Encouraging voices was an apt title for a one-day conference that managed to bring the often hidden voices of young people to the fore. Young people with disabilities, yes, but with aspirations for their lives, especially at school, no different to their able-bodied peers—a feeling of community, no bullying or patronising, trained teachers, small classes and (above all) understanding, were high on their wish list.
The conference, held at the Burlington Hotel in Dublin, was hosted and sponsored by the National Disability Authority (NDA). The programme was the result of a project organised by Michael Shevlin, Education Department, Trinity College Dublin, and Richard Rose, Centre for Special Needs Education, University College Northampton, along with Irish and UK colleagues.
Presentations represented a diversity of research projects of a participatory nature where research was carried out ‘with’ (and in one instance ‘by’) the young people, rather than ‘on’ them. As well as research with young people with disabilities, research recounting experiences with other marginalised groups was also reported. A common theme emerging was that while young people of diverse backgrounds are included in ‘mainstream’ education their views are often ignored or trivialised. It was acknowledged that many individuals working within education are committed and motivated to inclusion at every level, but systemic provision is found wanting.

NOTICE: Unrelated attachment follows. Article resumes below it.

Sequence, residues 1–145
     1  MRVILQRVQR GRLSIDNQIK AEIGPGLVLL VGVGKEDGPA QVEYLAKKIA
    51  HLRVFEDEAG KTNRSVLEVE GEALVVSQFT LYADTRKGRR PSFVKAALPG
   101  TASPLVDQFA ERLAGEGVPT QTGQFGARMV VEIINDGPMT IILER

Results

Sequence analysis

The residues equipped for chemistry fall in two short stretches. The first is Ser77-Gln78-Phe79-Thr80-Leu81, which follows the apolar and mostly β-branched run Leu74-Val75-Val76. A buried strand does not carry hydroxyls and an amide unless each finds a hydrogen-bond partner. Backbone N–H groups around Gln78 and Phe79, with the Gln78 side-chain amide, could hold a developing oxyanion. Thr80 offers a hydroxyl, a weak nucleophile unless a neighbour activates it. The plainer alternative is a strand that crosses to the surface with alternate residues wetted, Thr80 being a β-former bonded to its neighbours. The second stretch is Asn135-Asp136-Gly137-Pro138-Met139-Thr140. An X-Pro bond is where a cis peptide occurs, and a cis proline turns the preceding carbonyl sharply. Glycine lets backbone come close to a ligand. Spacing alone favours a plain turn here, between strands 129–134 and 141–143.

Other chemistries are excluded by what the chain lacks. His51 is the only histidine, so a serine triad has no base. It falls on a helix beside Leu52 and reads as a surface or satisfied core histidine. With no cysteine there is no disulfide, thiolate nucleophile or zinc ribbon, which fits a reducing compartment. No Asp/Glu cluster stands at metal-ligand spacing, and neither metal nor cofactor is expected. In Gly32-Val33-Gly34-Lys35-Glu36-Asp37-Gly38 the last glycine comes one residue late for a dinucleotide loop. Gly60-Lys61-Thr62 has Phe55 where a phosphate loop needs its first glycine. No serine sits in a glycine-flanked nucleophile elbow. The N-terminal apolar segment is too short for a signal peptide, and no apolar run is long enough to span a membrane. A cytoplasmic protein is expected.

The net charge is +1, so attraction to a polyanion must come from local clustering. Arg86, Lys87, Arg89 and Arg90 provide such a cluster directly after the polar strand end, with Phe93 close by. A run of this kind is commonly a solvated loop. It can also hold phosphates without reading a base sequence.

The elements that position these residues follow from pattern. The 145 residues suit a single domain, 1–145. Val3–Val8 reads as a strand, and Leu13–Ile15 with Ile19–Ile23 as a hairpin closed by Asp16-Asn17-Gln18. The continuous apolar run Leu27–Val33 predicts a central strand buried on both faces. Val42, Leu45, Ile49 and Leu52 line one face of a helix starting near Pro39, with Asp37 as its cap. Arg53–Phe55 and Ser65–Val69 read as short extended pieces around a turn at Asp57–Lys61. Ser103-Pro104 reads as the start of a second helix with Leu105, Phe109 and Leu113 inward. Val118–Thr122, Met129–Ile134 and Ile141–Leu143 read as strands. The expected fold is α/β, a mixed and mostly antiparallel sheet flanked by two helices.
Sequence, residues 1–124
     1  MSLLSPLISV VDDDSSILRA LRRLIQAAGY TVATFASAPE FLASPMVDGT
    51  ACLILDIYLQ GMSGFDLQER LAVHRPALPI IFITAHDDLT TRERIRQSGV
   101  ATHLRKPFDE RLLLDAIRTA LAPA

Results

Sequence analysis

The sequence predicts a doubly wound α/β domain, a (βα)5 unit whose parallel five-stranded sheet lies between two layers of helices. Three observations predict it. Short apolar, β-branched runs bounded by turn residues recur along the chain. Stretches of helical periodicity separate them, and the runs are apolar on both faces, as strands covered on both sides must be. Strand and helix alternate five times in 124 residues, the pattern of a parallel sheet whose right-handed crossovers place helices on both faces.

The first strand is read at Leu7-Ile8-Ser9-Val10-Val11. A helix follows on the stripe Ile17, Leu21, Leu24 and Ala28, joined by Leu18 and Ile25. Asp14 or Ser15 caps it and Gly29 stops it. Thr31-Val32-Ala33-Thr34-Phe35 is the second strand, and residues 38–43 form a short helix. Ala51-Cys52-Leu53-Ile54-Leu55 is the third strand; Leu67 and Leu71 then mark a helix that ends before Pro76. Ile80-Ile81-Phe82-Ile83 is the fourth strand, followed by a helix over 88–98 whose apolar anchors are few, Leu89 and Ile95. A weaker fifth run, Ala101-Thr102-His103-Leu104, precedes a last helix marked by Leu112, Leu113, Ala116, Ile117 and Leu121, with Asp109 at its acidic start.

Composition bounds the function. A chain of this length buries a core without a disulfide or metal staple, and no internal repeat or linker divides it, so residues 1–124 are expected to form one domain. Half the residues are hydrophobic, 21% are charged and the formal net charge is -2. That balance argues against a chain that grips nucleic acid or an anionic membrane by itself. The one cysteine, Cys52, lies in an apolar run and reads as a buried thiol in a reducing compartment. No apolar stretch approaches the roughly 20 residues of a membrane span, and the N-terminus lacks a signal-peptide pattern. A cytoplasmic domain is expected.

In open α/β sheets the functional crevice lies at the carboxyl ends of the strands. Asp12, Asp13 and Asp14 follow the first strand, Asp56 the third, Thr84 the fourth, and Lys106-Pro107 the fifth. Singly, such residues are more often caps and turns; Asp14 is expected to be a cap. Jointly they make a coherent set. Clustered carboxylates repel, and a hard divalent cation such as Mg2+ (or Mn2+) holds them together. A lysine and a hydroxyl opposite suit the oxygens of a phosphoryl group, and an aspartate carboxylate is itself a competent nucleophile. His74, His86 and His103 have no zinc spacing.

The research findings reporting the lived experience were powerful, but the conference was further enhanced by the contributions of people with disabilities themselves. From insightful contributions at workshops to actual presentations they challenged us as individuals and as a collective. It is not acceptable to declare, ‘we all have a disability in one way or another’. To do so is to trivialise the life of a person with a disability by equating it to impairment. They challenged us to look at what we value in our modern society—commerce, production and efficiency. If this is how we measure contribution or participation, then we have ruled out people with disabilities through our value system before they even get to the start line. A publication will follow, and further information on the conference is available at www.nda.ie.